Until quite recently, the preposterous idea of Hillary Clinton seeking a rematch with Donald Trump in 2020 was mostly a right-wing fantasy projection from people who loved the idea of beating her again (and perhaps imprisoning her in the bargain), wanted an excuse to continue their ludicrous conspiracy theories about her, or simply wanted to troll Democrats. Yes, once-upon-a-time Clinton adviser Mark Penn traded on his lost relationship with her to titillate his new conservative friends with HRC 2020 talk last year, but nobody should have taken his bad-faith word seriously. And nearly a year ago, one genuine Clinton intimate, Philippe Reines, let it be known that while it was very unlikely, there was a remote chance she might be interested in a comeback:
When pressed on whether she’s running, Reines told Politico: “It’s somewhere between highly unlikely and zero, but it’s not zero.”
Earlier this month HRC’s name started coming up again in conjunction with probably exaggerated reports of big-money donor panic over the weak “centrist” bench in the Democratic presidential field. But the Washington Post reported that “according to two people close to her, [HRC] has not ruled out jumping in herself, a sign that she is hearing similar dissatisfaction.”
And now, in a move designed to make sure conservatives don’t forget their own HRC 2020 dream world, Reines did something to keep the speculation alive:
Speaking of “unlikely”: That’s the word I’d use for the possibility that Reines chose to say this particular thing in that particular venue without prior approval from Clinton.
Now as I’ve said before, Hillary Clinton’s service to her country and her party mean she is entitled to say and do any damn thing she wants with her life and career going forward. But she of all people should grasp how very bad an idea this is, and scotch it once and for all. Yes, it’s understandable that she would want to “redo” that disastrous 2016 campaign. But that is precisely what Democrats from every faction of the party and every perspective on politics do not want to do.
In no small part that’s because we may never completely figure out how and why the Bad Man did the Bad Things and won anyway. There are so many theories, ranging from Russian interference to post-Obama racism to financial and mechanical mistakes by the Clinton campaign to her long exposure as an “Establishment” figure to revenge by the Bernie people. Personally, I think sheer complacency and protest voting (and nonvoting) by people who couldn’t imagine a monstrous figure like Trump winning were the X factor. But the fact remains that HRC cannot go back and fix one thing and make the nightmare go away, for her, for Democrats, or for America. So clearly someone else needs to pick up the banner and keep the next four years from being like the years we are living through right now.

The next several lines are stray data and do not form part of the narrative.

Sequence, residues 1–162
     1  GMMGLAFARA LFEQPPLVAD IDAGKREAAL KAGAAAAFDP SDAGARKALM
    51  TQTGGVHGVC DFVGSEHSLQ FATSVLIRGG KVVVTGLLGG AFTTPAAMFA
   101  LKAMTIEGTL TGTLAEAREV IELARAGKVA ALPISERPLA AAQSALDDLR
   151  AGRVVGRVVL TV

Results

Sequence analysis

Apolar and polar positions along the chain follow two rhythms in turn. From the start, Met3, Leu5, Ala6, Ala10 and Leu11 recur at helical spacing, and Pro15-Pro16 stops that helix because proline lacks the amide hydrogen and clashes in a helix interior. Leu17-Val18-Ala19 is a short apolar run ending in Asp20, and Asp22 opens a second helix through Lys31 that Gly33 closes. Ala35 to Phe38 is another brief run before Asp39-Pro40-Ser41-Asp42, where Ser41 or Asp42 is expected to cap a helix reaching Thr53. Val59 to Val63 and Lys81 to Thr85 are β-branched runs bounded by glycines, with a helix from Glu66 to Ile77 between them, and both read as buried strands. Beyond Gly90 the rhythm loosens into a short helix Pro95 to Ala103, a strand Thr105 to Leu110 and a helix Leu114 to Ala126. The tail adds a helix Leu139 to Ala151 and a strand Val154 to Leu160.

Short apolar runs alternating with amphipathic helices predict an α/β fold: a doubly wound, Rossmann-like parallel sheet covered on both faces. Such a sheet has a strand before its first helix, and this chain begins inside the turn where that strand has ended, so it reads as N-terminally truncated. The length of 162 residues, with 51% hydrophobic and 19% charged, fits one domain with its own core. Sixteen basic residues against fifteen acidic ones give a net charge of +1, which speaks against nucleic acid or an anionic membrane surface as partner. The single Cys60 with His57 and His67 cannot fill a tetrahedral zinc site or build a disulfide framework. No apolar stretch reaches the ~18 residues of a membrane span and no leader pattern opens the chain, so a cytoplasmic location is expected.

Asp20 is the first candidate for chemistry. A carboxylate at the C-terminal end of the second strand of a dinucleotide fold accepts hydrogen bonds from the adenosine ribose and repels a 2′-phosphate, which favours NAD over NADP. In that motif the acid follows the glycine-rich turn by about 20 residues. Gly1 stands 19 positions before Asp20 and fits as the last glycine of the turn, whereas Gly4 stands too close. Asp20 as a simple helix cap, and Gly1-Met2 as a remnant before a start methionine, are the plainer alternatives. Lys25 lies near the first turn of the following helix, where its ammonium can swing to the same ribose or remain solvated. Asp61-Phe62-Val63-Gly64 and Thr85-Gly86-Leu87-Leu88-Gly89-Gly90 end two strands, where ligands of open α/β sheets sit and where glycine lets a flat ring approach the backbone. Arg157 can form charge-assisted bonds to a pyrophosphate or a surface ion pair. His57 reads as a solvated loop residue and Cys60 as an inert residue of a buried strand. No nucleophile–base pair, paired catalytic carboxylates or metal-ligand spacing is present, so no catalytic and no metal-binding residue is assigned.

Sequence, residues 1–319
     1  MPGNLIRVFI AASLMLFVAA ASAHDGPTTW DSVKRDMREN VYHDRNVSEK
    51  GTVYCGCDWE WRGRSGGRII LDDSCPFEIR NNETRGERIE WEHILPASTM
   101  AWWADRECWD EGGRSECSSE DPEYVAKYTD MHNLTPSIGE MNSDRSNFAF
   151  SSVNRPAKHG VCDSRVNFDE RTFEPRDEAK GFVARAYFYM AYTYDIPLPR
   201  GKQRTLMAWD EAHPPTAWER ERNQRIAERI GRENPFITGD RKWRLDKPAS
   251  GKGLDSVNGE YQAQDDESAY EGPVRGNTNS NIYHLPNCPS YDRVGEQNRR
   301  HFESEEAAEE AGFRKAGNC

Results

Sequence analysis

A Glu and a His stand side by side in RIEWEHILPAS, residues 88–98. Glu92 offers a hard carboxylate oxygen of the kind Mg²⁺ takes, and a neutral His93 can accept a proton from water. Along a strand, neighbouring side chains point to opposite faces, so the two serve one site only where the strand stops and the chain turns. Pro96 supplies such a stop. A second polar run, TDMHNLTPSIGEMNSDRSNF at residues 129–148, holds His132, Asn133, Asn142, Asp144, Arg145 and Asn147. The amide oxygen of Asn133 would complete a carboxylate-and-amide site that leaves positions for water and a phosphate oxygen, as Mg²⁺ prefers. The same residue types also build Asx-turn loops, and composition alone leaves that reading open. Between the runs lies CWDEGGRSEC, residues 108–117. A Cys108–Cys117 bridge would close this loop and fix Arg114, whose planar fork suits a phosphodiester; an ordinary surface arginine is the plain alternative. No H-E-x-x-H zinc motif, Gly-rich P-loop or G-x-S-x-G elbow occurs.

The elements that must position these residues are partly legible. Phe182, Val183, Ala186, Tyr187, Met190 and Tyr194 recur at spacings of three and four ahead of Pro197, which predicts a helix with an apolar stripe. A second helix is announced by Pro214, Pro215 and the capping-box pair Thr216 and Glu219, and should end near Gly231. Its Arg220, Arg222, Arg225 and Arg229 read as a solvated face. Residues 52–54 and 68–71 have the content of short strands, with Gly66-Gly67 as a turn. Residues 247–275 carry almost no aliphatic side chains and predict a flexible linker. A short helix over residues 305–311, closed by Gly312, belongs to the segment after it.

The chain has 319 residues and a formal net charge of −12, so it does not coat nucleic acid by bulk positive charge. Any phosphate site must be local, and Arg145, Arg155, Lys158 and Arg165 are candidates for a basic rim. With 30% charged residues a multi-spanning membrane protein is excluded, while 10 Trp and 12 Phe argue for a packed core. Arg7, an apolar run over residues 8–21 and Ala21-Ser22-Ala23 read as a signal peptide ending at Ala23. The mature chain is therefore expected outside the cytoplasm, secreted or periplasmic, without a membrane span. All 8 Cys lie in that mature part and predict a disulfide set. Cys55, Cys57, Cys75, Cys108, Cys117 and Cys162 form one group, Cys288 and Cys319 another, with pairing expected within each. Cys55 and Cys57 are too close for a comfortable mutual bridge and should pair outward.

Panicky donor whining notwithstanding, Democrats have a record number of options for doing just that. They offer a wide range of policy views, records, theories of change, personalities and identities. And while one may worry about this or that candidate underperforming during the “invisible primary,” nobody still in the race has been eliminated yet. All the leading Democratic candidates are routinely trouncing Trump in general-election trial heats; his job approval rating is perpetually stalled in an area that usually means defeat; and half the electorate wants to run him out of Washington without even waiting for the opportunity to eject him at the polls. Why are any Democrats in the sort of despair that might support a recourse to HRC?
It’s far too early for panic, but it’s probably not too early to conclude that the current field isn’t going to be displaced by some late entry. How, exactly, is Hillary Clinton supposed to win the nomination? Will she rebuild an Iowa organization even though all her old staff and supporters have moved on to other candidacies? Can she push aside Joe Biden? Would supporters of Elizabeth Warren and Bernie Sanders really look to her for inspiration and salvation? Perhaps the idea is that the convention in Milwaukee will be deadlocked and will then turn to the 2016 nominee. How likely is that, as opposed to a coalition ticket? And if a retread somehow seems appropriate, why not John Kerry, who also narrowly lost but did not lose to Donald J. Trump?
Please, Ms. Clinton, don’t keep this right-wing fantasy in play, and don’t make admirers (like me) have to recite the reasons you should not run for president in 2020. If you want to have an impact, endorse someone who is already running, or help the party in other ways. You’d done what you can to expose the terrible future Trump represents for America and its most vulnerable people. Let someone else change that future for good.